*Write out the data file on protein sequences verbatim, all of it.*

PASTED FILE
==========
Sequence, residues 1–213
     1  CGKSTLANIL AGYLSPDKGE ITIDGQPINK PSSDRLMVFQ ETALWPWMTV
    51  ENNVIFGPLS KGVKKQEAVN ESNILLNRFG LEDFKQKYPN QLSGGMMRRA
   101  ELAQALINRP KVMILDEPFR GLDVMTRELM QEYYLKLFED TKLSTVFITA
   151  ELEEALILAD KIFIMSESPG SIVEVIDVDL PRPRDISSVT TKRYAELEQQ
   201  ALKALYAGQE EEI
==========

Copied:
Sequence, residues 1–213
     1  CGKSTLANIL AGYLSPDKGE ITIDGQPINK PSSDRLMVFQ ETALWPWMTV
    51  ENNVIFGPLS KGVKKQEAVN ESNILLNRFG LEDFKQKYPN QLSGGMMRRA
   101  ELAQALINRP KVMILDEPFR GLDVMTRELM QEYYLKLFED TKLSTVFITA
   151  ELEEALILAD KIFIMSESPG SIVEVIDVDL PRPRDISSVT TKRYAELEQQ
   201  ALKALYAGQE EEI